The VOD Business
Having established that the market apparently thinks the VOD business is worth less than $0, it is worth considering what the market is so pessimistic about. In brief, GAIA is a globally available content provider with 170,000 existing subscribers and 7,200 hours of content, 93% of which is exclusive to GAIA. Broadly, the content falls into four categories, “yoga,” “seeking truth” (focused on metaphysics, ancient wisdom and answering the question “why are we here?”), “transformation” (focused on deepening the mind, body, spirit connection), and “films and documentaries.” The base rate for a monthly subscription is $9.95, and GAIA is available through all the major platforms like Apple TV, Roku, and Amazon, as well as to Comcast and Verizon customers. This is clearly niche content, and the company believes that in 2020 their total potential audience will be 11.5 million people, which represents 7% of the forecasted global “Over The Top” (OTT) video audience. The company presently has customers in 120 countries which represent 33% of their subscriber base. However at the moment language translation is limited, but set to expand beginning this quarter. Longer term the company believes that 60+% of their subscribers could be international. The company has in house production facilities at the previously discussed Boulder property, which contributes to them being able to keep production costs at a comparatively low 20% of revenue (vs 70% at NFLX).
At first glance, it is difficult to claim that this business has any sort of “moat” as barriers to entry appear to be limited. For example, there is nothing stopping Netflix or Amazon or others from entering the space tomorrow. The counterpoint to this however is that content of this sort is already abundant and freely available on YouTube. There are countless yoga studios that stream their content, and no shortage of people willing to soliloquize on their views of the world. Despite this broad availability, GAIA has been able to grow subscribers at rates between 30 and 90% annualized in recent history, suggesting that their content is high quality, and possibly that paying for the content imbues it with higher value. Over time it is likely that the presenters on GAIA’s platform become the moat, as subscribers develop a pseudo relationship with them. This should not be considered a deep or wide moat, but given the low stock price, existing library, proven production capabilities, and existing subscriber base, if Netflix, Amazon or other deep pocketed potential competitors wanted to enter the space, it would arguably be much easier to buy GAIA rather than build out a new offering. Additionally, Netflix and Amazon have much bigger battles to fight in the quest to become the dominant content provider, and niche content such as that provided by GAIA is likely low on their priority list.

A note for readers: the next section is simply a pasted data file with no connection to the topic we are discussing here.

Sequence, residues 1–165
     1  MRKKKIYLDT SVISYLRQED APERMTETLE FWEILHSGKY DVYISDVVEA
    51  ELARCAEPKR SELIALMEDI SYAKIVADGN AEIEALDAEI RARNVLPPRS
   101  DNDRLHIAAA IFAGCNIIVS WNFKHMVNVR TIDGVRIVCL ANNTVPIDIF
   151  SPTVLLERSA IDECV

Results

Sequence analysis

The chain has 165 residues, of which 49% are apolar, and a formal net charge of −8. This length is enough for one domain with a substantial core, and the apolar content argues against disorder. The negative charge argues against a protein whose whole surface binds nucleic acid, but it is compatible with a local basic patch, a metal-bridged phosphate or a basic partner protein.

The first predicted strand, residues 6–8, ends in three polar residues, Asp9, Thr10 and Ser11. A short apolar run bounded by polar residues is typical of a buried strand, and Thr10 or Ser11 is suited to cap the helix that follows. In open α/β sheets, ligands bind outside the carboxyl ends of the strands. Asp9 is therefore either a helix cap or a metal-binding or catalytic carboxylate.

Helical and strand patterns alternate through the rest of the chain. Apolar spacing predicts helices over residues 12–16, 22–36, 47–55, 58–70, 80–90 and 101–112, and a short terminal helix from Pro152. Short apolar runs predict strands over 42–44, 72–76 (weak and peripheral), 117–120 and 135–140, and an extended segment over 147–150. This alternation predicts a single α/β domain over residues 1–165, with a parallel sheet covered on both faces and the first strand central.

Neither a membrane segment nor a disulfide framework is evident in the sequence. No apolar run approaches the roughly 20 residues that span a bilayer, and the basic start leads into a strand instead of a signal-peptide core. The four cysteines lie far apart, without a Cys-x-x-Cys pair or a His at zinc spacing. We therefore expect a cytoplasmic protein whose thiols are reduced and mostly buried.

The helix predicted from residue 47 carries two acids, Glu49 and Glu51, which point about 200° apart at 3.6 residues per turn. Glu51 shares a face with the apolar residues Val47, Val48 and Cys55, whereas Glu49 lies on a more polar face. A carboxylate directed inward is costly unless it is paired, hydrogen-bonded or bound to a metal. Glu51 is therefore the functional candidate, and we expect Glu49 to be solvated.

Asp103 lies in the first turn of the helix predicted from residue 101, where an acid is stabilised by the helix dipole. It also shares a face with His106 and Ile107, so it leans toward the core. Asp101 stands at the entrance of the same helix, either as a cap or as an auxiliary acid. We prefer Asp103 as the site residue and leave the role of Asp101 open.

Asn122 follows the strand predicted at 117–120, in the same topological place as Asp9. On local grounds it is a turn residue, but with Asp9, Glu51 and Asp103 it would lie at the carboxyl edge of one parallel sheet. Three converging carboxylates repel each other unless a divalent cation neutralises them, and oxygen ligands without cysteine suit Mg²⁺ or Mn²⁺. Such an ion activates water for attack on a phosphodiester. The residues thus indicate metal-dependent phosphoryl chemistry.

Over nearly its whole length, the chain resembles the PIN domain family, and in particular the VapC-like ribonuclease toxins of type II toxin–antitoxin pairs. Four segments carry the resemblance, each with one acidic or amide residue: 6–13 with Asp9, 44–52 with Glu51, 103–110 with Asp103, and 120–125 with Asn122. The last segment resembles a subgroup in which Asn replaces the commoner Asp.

So What is the VOD Business Worth?
As investors in NetFlix (NFLX) know, VOD can be a very attractive business. Clearly GAIA’s offering of yoga and lifestyle centric content has nowhere near the scale potential of NFLX, but the two businesses are similar in that they have tremendous embedded operating leverage, and are highly scalable. One Important positive difference between GAIA and NFLX is that while NFLX spends a fortune (~70% of revenue) on content costs, GAIA’s content costs are less than 20% of revenue, making GAIA significantly less capital intensive and allowing GAIA to benefit from negative working capital. These factors contribute to growth in revenue dropping almost directly to the bottom line, which means that pursuing growth is the right strategy for the long term, even if it can lead to operating losses in the short term. If you need further evidence that this strategy is wise, consider that it is estimated that Netflix will burn $1.2 billion in the coming year pursuing growth through marketing and content costs. Despite this massive cash burn, NFLX is awarded a 7x EV/Trailing Sales multiple by the markets, while GAIA trades at ~1x EV/Trailing Sales (excluding real estate), despite the fact that it is likely to grow more than 2x as fast as NFLX in the coming year.
VOD – Asset Value
The company has more than 7,200 hours of content, and production costs presently hover around $5,000 per hour of content. Replacement value would thus equal $36 million, but this type of content is essentially worth whatever someone will pay for it, and we can’t know in advance how much that is. For skeptics that might think this nichey content is worthless, consider that people want and actively acquire all sorts of content. For example, CONtv is a streaming network focused on “comic conventions.” That’s right. A dedicated streaming network focused on people who like to dress up in costumes and pretend they are super heroes. On days other than Halloween. In the interest of conservatism, it is appropriate to assume a discount to production cost of somewhere between 60 and 40%.